Approval voting sparks debate as the initiative makes Seattle’s Nov. 2022 ballot

Jun 22, 2022, 4:29 PM
King County Elections worker Jules James locks the ballot drop box with a closed sign blocking the ...
King County Elections worker Jules James locks the ballot drop box with a closed sign blocking the slot at the Seattle Public Library - Ballard branch on November 3, 2020 in Seattle, Washington. Voting in Washington state ended at 8pm tonight. Washington state is on track to set a record for voter turnout this year. (Photo by Karen Ducey/Getty Images)
(Photo by Karen Ducey/Getty Images)

The city of Seattle will decide whether to adopt a new voting style that would allow voters to choose as many candidates as they like in future local elections.

The proposal, called “approval voting,” allows voters to select every candidate they approve in primary elections. The two candidates with the highest number of votes would advance to a general election, which voters would then be allowed to choose between the two.

Group seeking to change how Seattle voting works builds large early war chest

“It makes sense to me. I like it. Certainly, it’s not something that we would do in the general election,” Travis Mayfield, the guest host for the Gee and Ursula Show, said on KIRO Newsradio. “But in the primary, I like the idea of being able to register more options because I like ranked-choice voting. It’s sort of like a way to eliminate the candidates that I don’t want. I actually have to really think about which of the candidates I really want and listen to their platforms versus being faced with two candidates in the general where one is just clearly the wrong answer.”

The group behind the initiative, Seattle Approves, submitted just over the 26,520 signatures necessary to qualify the measure for November’s ballot, according to King County Elections.

Seattle Approves believes a number of things can occur if this bill passes. According to the organization, the bill could eliminate endemic vote-splitting as similar candidates will no longer be able to “split the vote” and turn every election into an honest measurement of how many voters support each candidate.

The group also believes it could make politics less divisive as campaigns won’t fight each other over voters — they’ll instead fight for wider support.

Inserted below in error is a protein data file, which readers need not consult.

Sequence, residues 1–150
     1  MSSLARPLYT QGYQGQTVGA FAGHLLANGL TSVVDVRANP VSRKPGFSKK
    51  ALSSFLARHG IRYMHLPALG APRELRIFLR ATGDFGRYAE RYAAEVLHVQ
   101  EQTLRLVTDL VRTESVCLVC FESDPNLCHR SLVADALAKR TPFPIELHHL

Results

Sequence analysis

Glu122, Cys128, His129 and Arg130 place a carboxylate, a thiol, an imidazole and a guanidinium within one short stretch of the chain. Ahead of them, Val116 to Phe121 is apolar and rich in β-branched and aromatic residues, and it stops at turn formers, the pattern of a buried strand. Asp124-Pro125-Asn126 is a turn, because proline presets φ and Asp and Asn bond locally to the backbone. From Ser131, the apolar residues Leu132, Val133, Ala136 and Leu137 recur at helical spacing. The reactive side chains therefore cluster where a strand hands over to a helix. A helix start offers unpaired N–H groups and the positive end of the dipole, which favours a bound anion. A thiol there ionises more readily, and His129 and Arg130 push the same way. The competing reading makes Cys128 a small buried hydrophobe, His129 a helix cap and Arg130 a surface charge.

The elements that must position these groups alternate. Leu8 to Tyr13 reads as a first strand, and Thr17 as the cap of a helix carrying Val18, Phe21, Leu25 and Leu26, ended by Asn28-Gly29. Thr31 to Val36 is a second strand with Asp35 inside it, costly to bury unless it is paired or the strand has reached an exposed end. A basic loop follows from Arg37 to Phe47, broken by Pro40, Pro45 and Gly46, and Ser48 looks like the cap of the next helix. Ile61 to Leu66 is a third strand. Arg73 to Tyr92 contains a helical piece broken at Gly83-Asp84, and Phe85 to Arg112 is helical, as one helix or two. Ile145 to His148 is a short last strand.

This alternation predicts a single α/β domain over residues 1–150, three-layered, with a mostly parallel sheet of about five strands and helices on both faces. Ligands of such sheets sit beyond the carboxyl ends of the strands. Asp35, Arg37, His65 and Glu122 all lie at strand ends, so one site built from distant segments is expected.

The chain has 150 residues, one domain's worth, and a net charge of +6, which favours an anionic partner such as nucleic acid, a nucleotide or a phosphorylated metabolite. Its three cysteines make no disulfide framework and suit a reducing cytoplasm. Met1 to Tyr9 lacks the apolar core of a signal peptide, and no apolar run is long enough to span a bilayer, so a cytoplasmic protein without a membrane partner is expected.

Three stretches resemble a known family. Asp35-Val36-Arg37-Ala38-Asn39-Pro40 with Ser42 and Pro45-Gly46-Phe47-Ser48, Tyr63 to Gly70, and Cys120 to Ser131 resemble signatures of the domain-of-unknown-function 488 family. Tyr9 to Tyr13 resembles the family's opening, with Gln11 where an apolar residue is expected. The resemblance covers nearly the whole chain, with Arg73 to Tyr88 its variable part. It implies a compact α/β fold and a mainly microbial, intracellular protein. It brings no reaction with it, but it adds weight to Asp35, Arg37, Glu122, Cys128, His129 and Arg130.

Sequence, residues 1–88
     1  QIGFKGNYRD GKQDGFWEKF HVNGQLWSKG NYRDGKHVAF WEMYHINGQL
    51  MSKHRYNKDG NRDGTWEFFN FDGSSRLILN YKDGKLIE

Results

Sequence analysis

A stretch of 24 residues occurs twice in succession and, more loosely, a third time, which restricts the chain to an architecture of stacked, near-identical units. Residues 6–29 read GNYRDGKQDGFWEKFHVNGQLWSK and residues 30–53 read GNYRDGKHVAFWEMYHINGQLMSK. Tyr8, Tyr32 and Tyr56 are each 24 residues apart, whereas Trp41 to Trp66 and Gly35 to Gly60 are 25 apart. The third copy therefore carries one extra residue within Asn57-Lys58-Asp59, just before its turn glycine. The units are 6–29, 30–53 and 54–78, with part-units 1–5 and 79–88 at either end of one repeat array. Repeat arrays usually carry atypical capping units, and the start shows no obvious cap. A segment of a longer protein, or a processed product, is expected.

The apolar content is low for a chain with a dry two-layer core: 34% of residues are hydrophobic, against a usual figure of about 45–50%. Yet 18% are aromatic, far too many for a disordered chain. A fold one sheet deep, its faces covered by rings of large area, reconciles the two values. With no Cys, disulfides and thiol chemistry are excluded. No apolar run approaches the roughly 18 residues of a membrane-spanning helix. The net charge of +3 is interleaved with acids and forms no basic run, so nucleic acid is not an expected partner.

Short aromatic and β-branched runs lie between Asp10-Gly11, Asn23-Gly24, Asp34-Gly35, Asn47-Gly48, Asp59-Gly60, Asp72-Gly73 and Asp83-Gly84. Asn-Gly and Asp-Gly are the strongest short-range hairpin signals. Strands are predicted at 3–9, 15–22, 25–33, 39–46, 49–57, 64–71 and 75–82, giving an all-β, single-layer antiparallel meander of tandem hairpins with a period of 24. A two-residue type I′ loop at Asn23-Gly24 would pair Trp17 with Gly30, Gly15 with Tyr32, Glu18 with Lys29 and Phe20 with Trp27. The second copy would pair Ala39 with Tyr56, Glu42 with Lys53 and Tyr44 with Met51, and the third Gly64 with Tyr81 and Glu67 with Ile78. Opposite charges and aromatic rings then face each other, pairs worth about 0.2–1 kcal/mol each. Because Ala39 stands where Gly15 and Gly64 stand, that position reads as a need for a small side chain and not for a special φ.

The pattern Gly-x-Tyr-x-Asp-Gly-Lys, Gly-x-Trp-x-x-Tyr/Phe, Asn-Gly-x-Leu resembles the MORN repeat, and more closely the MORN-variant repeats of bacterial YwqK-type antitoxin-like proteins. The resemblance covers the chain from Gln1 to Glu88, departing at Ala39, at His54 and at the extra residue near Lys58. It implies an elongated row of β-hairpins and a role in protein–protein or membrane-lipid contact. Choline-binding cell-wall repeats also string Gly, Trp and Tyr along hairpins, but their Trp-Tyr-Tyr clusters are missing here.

“If you’ve ever thought, “I’d like to vote for that candidate, but I’d be throwing away my vote,” you’ve experienced how our current system doesn’t accurately measure voter support,” Seattle Approves’ website reads.

“Voting bloating, this is a horrible idea. Horrible idea. And the reason I feel this way is I like ranked voting. I like when you choose the top three candidates,” Spike O’Neill, guest host of the Gee and Ursula Show, said on KIRO Newsradio. “But if you just have to pick who you like, and as many as you want, you don’t have to become informed about anybody’s position. I think you’re going to let people who are not qualified get through. Oh, man, the stripper is running in this term. That’s funny. Let’s all vote for the stripper, enough people do that, and that stripper makes it through the primary. I think it’s a terrible idea. I think it eliminates informed vote.”

The city of St. Louis adopted an approval voting system during its November 2020 election after using a similar initiative petition campaign. The measure — Proposition D — got the support of more than 68% of voters.

St. Louis saw an effort launched earlier this year to repeal the nonpartisan approval voting system after its initial use in last year’s city election.

“I would love a better choice between Loren Culp and Jay Inslee. Inslee wasn’t my favorite to vote for, but I was like, I can’t vote for this lunatic,” Mayfield said. “I felt I had no choice versus if we had [approval voting] in the primary and had multiple candidates, I could have voted for multiple people. I can have lots of opinions. I can rule out the bad ones. But, when it comes to legitimately electing somebody, that’s where you got to pick one between the two.”

Approval voting, under I-134, will be on the November 2022 ballot after receiving the necessary amount of signatures.

Listen to Gee Scott and Ursula Reutin weekday mornings from 9 a.m. – 12 p.m. on KIRO Newsradio, 97.3 FM. Subscribe to the podcast here.

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Approval voting sparks debate as the initiative makes Seattle’s Nov. 2022 ballot